Review of Harriet (2019)

Moving picture, 125 minutes

Seen in 2020.

Seen in a sold-out Draken at GIFF.

The life of Harriet Tubman from 1849 to 1863: The badass years.

Despite the lack of subtitles at GIFF, the crowd response was the strongest of any film I saw there in 2020. This surprised me. As biopics go, this verges on hagiography, filmed with the narrative structure and composition of a 1920s/1930s melodrama, despite the modern cinematography capturing some natural beauty along the way. It’s intensely formulaic, including an evil central villain who happens to have grown up with Harriet and pursues her throughout, with lots of narrow escapes. The villain’s mother, played by Jennifer Nettles, is a much better, more realistic character: Selfish, status-conscious and sickened by guilt-induced fear of her slaves getting even what the law requires, but not stupid enough to bully them continuously.

The detail work is otherwise disappointing. Harriet’s jump into the Delaware seems to use no stunt work, just bad CGI for her body bobbing away. The only nuance permitted in the main character is the director’s Todorovian-fantastic refusal to confirm that Harriet’s visions of divine guidance come from Yahweh. Alas, there is no simpler explanation for their cinematic implementation. Indeed, one character asserts that Yahweh is anti-slavery, which is contradictory to The Bible (ca. 110 CE) as written. Like the villain of the piece, the portrayal of Christianity is hypocritical: The local slaves’ church features heavily, while the white folk’s church is never seen. They would have been preaching the same religion.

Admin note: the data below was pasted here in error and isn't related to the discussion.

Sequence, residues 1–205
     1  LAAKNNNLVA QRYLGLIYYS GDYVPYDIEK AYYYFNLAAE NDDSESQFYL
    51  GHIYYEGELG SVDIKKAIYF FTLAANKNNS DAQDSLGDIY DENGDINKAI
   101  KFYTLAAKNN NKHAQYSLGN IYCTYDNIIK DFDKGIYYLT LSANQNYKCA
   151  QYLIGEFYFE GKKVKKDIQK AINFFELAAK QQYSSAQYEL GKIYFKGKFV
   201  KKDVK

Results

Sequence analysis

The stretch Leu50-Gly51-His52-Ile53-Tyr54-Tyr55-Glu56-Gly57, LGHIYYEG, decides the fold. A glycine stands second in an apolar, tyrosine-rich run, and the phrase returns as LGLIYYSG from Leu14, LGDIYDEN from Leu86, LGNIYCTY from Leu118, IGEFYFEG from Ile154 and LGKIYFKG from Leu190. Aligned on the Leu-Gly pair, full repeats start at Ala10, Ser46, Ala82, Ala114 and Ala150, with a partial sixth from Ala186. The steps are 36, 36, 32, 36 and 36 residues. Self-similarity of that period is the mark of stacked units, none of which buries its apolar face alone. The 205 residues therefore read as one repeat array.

I don’t think this is quite what Howard Zinn was asking for in the talk entitled Stories Hollywood Never Tells (2001). The film does tell part of an important story, but that seems like a low bar to me. Harriet combines bits and pieces of The Color Purple (1985), Django Unchained (2012) and 12 Years a Slave (2013) but does not reach their standard. It is at its best showing the high personal cost Harriet pays, not in worrying about her family but in the sheer effort she and her fellow liberators expend, and there isn’t enough of that material.

moving picture fiction